In one embodiment, the instant invention is directed to an edged, laminated lens comprising first and second complementary lenses and a bonding agent used to laminate said first and second lenses, wherein the first and second lenses were simultaneously edged while their mating surfaces were coupled prior to lamination. Simultaneous edging can occur with or without temporary bonding.
The instant invention is also directed to a laminated electrochromic lens comprising:
a. a first edged ophthalmic lens having a mating surface, preferably an edged transparent polymeric lens, said edged lens optionally containing a primer which improves the adherence thereto of an electroconductive film;
b. a first electroconductive film, preferably a metal oxide film, deposited on the mating surface of said first edged lens or on a primer deposited thereon;
c. a first electrochromic film deposited on said first electroconductive film;
d. a second edged ophthalmic lens having a mating surface, preferably an edged transparent polymeric lens, said edged lens optionally containing a primer which improves the adherence thereto of an electroconductive film;
e. a second electroconductive film, preferably a metal oxide film, deposited on the mating surface of said second edged lens, on a primer deposited thereon or on a film or layer deposited directly or indirectly on said first edged lens;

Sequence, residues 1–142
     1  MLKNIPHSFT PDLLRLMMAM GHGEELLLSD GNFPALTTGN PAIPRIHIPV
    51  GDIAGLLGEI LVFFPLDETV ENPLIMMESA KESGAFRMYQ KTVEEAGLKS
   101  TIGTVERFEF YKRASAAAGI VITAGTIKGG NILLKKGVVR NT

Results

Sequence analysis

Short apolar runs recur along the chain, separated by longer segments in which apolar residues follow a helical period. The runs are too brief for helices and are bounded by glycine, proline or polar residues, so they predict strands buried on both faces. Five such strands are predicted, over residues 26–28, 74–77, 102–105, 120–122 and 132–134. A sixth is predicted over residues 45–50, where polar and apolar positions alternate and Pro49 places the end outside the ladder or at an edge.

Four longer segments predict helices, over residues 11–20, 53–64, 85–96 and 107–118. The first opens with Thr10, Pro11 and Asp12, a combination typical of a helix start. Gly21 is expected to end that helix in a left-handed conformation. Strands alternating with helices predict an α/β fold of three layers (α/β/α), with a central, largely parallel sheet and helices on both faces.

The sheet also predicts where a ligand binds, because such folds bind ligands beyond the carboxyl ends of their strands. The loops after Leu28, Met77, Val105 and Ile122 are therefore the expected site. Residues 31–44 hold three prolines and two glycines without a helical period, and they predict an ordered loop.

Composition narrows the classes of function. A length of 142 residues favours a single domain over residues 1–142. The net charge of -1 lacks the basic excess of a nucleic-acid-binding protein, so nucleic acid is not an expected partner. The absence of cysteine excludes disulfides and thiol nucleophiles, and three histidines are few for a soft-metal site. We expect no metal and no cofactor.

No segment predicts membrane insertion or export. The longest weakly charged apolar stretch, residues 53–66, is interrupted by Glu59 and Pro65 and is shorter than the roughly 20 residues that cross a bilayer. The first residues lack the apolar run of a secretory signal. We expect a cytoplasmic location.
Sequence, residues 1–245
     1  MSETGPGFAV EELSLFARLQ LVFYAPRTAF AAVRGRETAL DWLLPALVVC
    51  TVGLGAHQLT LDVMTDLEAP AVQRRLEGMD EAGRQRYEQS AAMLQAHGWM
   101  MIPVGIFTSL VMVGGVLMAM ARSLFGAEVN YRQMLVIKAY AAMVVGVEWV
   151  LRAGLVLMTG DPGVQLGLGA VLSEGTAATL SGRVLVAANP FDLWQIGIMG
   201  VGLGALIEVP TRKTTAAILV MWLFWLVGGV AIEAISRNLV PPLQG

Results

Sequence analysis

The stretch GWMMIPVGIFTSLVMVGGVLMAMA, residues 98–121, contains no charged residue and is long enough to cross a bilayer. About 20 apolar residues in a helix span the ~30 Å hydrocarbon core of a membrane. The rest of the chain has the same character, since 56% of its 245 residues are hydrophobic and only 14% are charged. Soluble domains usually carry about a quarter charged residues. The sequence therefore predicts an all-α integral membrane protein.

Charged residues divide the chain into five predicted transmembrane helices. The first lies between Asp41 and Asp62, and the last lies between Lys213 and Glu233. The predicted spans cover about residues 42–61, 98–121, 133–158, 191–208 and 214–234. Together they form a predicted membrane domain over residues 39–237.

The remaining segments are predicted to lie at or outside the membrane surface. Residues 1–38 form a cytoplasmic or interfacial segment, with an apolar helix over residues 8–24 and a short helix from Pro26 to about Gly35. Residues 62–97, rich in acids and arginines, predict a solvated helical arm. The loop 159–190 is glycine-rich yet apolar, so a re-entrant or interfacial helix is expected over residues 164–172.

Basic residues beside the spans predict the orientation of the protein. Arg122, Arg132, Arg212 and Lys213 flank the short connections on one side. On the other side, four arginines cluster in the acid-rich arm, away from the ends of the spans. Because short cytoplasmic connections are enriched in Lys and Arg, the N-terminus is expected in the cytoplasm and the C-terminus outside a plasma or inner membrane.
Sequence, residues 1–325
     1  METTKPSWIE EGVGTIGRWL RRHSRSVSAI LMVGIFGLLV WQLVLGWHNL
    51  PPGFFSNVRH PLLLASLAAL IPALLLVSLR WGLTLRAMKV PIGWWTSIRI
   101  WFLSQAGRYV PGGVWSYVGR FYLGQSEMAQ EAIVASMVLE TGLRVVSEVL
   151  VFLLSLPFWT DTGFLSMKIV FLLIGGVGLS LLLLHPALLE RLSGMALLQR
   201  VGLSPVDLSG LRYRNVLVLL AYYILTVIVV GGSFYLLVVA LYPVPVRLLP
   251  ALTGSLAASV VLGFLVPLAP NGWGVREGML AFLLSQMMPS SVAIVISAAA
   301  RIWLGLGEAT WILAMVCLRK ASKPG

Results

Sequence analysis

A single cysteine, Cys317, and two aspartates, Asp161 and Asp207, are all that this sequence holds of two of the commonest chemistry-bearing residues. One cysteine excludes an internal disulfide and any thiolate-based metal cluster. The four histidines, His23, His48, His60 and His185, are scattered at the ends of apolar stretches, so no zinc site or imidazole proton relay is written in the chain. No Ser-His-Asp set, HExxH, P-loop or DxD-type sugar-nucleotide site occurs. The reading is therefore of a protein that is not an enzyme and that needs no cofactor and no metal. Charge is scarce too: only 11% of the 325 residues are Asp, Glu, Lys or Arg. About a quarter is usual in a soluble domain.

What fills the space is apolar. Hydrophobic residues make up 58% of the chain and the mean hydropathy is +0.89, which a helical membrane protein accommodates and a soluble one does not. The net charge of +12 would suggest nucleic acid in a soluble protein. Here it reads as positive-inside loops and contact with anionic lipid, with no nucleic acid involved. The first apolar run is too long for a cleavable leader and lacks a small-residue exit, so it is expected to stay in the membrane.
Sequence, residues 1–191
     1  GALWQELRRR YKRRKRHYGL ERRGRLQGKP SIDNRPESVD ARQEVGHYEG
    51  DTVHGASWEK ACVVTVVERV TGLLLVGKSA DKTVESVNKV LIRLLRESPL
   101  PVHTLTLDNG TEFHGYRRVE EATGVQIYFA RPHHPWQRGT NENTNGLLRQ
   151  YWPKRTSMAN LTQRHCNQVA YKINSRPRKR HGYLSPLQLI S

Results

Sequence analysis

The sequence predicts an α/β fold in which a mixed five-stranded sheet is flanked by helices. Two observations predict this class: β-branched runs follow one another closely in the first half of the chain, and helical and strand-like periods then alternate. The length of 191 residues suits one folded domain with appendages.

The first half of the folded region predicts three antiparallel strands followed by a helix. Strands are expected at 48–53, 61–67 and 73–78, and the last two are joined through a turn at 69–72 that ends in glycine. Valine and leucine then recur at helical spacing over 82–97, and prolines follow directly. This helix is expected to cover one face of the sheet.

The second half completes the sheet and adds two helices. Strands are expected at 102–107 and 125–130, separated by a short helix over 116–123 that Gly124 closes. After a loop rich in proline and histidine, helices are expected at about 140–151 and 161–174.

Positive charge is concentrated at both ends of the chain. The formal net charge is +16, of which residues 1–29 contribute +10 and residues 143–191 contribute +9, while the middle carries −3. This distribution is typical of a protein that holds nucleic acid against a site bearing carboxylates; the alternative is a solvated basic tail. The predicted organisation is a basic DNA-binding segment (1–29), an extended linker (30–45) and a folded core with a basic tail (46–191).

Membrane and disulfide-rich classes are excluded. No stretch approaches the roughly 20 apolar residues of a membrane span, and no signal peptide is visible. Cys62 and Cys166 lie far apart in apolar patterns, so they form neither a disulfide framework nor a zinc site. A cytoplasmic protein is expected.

f. optionally, a second complementary electrochromic film deposited directly or indirectly on said second electroconductive film; and
g. an ion-conducting polymer disposed between said first and second edged lenses;
wherein said first and second edged lenses are simultaneously edged prior to lamination while they are coupled or stacked so that their mating surfaces are engaged and/or in contact with each other, with or without temporary bonding.
The present invention is also directed to a method for simultaneously edging complementary first and second ophthalmic lenses, each having a mating surface and an optical surface, which method comprises: a) stacking, positioning or coupling said first and second lenses so as to place their mating surfaces in contact or in close proximity with each other, with or without temporarily bonding the mating surfaces of said first and second lenses; and b) simultaneously edging said first and second lenses while they are stacked, positioned, coupled or temporarily bonded. Coupling or stacking can be accomplished via any conventional coupling or stacking technique, including manual techniques. Temporary bonding can be accomplished by applying an effective amount of a temporary bonding agent to one or both of the mating surfaces of the lenses to be edged. Conventional application techniques can be used.